Fairbank, eds. Cambridge: Cambridge UP, , Shanghai: Fudan daxue, Chen, Yu-chin. Denton, Kirk A. New York: Columbia University Press, The essays in this volume can be read sequentially for a chronological account or separately in conjunction with reading the literary works in Chinese or English-language translation. Each entry features author names and titles, as well as key terms and references, in English and in Chinese characters for readers who know or are learning Chinese, and each concludes with a bibliography of relevant primary and secondary sources.
The volume opens with eight thematic essays addressing general issues in the study of Chinese literature: the ethics of writing a literary history, the formation of the canon, the relationship between language and form, the influence of literary institutions and communities, the effects of censorship, and the role of different media on the development of literature. Woven throughout are more general pieces on late Qing fiction, popular entertainment fiction, martial arts fiction, experimental theater, post-Mao avant-garde poetry in China, post—martial law fiction from Taiwan, contemporary genre fiction from China, and recent Internet literature, among other topics.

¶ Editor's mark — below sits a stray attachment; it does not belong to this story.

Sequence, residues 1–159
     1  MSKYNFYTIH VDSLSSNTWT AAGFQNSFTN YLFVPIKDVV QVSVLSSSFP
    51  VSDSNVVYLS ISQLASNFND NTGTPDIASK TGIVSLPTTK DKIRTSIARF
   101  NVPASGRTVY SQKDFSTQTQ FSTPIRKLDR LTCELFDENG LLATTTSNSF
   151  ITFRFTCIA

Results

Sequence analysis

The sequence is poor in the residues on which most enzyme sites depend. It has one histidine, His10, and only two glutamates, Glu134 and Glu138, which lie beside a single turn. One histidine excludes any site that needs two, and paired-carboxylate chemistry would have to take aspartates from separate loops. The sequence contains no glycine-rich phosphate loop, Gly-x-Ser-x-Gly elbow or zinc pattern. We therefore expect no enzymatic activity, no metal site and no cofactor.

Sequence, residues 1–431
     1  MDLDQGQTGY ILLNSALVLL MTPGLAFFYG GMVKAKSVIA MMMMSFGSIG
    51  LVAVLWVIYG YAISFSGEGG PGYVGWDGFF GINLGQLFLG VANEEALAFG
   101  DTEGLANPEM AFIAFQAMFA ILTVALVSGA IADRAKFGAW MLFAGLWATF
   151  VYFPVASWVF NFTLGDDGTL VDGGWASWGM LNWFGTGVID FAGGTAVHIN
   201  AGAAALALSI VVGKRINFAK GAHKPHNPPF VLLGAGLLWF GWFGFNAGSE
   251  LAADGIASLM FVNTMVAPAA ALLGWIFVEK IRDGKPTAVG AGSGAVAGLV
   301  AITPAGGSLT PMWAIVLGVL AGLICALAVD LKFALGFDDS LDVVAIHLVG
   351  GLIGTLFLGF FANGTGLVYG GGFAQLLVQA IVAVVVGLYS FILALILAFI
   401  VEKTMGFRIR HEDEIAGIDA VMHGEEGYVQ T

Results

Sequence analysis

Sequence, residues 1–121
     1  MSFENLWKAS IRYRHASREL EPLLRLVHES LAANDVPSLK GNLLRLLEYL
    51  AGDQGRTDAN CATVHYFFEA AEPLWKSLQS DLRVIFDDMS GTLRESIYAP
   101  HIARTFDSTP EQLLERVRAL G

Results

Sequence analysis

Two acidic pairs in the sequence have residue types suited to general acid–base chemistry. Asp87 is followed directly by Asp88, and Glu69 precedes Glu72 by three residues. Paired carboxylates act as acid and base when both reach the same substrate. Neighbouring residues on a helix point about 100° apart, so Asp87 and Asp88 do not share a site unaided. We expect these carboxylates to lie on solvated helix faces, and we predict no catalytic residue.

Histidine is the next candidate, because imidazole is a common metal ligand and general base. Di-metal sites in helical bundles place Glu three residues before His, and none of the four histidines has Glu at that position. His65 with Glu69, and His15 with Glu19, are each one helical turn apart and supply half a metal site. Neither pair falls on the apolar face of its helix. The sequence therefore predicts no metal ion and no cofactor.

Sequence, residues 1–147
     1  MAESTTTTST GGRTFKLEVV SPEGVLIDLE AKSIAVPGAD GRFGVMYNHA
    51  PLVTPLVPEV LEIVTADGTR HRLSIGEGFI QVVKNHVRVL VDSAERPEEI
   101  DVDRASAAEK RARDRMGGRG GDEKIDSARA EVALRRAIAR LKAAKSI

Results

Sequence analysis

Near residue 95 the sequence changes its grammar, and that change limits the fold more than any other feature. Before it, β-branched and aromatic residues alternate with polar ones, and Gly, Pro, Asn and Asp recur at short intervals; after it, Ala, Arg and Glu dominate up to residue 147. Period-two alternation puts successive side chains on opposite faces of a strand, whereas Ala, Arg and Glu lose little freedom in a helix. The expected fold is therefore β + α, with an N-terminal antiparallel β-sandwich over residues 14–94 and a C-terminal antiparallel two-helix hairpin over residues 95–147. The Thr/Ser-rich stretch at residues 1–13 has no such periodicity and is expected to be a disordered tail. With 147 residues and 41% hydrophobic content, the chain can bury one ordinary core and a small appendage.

LOUISE BOURGEOIS: COMPLETE BOOKS & PRINTS
Denton, ed. NY: Columbia University Press, , Dolezalova, Anna. Taibei: Spring International, Giafferri-Huang, Xiaomin. Le roman chinois depuis Paris: Presses Universitaires de France, Herdan, Innes. London: Red Books, Hong, Zicheng. A History of Contemporary Chinese Literature. Michael Day. Brill, Reprinted sixteen times since its publication in the PRC in it is now available in English translation at last. The first section of the book deals with the period. Often derided and ignored as an arid era for literature by both Chinese and overseas critics, Professor Hong describes the literature that was popular and officially acceptable at the time, and the cultural policies and political campaigns that shaped the tastes of readers and the literary creativity of writers during the period.
Furthermore, the platform that the first part of the text provides renders the second part even more understandable to readers unfamiliar with the post literary scene — and offers new insights to those who are familiar with it — demonstrating as it does the close links between the two distinctive eras. These links are provided by the resumption of literary traditions that had been more-or-less abandoned during the preceding ten-year period, as well as reactions against literature nurtured and guided by the state cultural apparatus. The second part of the book consists of a comprehensive description of developments — and insightful explanations of those developments — in the literary arts and literary criticism since Hsia, C.